from Center for Preventive Action

Forgotten Intervention?

What the United States Needs to Do in the Western Balkans

Council Special Report
Concise policy briefs that provide timely responses to developing crises or contributions to current policy dilemmas.

Overview

The price of U.S. and EU inaction in the western Balkans was amply illustrated in the 1990s, as opportunities for preventive action were squandered and the former Yugoslavia descended into brutal and devastating ethnic conflict, first in Croatia and Bosnia and Herzegovina and later on in Kosovo.

As is always the case, military intervention and the need for post-conflict reconstruction consumed significant U.S. resources—far more than the cost of thoughtful and decisive preventive action. A decade and a half later, the United States has another opportunity for preventive action, this time to avert a renewed crisis in Kosovo and achieve progress in Bosnia and Serbia and Montenegro that will help stabilize the region.

This report builds on the Center for Preventive Action's 2002 Task Force report, Balkans 2010. It identifies the principal steps that the United States can take to secure the investment it has made in the western Balkans and facilitate the region's progress toward its rightful destiny within the EU. In doing so, Forgotten Intervention? lays out a straightforward and doable strategy for the United States that will pay dividends.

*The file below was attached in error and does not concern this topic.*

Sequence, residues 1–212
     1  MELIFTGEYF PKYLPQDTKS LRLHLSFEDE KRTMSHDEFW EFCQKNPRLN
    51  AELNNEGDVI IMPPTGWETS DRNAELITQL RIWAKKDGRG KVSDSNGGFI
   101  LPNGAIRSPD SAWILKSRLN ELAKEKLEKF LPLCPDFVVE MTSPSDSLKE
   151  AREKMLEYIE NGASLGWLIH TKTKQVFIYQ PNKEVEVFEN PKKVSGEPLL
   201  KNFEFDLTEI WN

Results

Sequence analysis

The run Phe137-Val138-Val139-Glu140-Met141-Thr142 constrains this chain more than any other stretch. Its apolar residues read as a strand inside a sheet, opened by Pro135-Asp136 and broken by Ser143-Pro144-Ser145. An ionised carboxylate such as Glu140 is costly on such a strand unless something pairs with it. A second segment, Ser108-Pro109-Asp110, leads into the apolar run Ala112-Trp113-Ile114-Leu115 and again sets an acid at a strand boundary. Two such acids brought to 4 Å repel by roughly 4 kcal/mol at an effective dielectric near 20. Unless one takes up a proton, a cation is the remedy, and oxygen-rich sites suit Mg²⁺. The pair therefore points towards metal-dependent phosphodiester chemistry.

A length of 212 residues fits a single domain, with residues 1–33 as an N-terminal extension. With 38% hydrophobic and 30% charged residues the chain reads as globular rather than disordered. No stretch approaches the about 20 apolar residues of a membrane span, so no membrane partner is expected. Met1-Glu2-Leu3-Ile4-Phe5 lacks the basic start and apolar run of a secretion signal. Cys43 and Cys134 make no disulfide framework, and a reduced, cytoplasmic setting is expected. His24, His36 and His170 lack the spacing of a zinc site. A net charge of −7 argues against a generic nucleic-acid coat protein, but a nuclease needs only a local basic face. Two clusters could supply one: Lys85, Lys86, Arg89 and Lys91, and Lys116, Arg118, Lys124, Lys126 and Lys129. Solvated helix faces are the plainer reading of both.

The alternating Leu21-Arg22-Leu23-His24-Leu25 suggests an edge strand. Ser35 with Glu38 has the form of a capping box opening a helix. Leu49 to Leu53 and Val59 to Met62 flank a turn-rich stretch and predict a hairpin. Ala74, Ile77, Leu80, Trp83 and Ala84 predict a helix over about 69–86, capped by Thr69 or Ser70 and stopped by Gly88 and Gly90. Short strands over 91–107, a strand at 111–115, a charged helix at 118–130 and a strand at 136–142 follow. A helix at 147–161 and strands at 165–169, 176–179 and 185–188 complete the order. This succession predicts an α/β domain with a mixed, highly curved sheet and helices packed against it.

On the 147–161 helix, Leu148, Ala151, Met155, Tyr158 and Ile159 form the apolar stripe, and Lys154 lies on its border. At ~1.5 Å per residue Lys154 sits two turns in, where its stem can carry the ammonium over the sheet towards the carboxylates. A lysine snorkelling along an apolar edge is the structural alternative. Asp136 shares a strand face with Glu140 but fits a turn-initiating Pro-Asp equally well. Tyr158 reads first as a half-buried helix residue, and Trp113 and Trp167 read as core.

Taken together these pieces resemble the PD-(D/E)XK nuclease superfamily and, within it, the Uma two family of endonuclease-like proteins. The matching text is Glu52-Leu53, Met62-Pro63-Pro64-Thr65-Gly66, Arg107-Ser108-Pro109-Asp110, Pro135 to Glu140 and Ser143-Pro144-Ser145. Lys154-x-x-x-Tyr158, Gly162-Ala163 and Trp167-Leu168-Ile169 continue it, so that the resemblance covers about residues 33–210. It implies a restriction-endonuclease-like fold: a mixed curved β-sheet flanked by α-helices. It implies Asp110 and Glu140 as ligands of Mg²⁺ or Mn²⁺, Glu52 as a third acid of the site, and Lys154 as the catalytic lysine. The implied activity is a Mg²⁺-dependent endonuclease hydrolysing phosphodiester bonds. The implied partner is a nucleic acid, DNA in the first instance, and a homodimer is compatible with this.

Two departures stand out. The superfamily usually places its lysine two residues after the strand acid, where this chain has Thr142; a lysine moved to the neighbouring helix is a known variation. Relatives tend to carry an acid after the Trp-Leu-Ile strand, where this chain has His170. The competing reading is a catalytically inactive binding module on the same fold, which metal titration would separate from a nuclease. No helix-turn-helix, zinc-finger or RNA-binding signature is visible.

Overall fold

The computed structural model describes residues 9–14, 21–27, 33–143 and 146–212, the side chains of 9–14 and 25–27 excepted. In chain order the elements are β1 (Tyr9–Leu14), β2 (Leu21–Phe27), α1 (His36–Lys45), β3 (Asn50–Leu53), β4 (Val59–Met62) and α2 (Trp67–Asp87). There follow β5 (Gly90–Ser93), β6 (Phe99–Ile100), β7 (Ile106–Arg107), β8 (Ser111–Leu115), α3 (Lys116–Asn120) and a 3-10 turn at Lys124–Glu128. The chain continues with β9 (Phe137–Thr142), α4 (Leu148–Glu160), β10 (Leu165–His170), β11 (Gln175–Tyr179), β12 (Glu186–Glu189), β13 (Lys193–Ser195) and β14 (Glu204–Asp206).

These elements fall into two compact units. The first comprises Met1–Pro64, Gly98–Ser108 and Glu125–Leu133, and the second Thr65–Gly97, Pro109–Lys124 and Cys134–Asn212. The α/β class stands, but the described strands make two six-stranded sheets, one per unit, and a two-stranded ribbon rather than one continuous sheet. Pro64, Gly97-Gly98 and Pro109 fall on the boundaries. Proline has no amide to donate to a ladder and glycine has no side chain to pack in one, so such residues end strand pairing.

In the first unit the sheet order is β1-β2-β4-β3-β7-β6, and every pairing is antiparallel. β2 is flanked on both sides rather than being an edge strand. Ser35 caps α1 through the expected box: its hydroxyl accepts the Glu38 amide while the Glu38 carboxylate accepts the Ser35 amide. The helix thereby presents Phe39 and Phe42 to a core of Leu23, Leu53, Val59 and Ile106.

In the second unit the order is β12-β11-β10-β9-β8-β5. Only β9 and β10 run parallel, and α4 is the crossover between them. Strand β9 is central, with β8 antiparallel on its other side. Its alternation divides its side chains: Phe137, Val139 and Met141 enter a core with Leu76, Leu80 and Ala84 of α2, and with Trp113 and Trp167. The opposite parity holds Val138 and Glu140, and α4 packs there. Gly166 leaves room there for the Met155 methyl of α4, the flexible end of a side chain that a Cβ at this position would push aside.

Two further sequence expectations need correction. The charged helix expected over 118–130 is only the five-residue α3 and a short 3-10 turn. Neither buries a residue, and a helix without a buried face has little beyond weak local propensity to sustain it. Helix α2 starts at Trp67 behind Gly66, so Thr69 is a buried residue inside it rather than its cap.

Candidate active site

More on:

Kosovo

Conflict Prevention

This publication was made possible in part by a grant from Carnegie Corporation of New York. The statements made and views expressed are solely the responsibility of the author.

More on:

Kosovo

Conflict Prevention

Explore More on CFR

Russia

If the President wants to use an arms build-up to advance arms control, he should take his cues from the Reagan record.

Yemen

The Gulf nation’s ground troops have cultivated alliances in Yemen with local armed groups, but its ability to shape the civil war’s outcome is limited.

U.S. Foreign Policy

U.S. competition with China continues to intensify, but rather than adopting a strategy of containment, the United States should respond by reinforcing its relationships with allies and leveraging China's desire for stability to discourage disruptive behavior.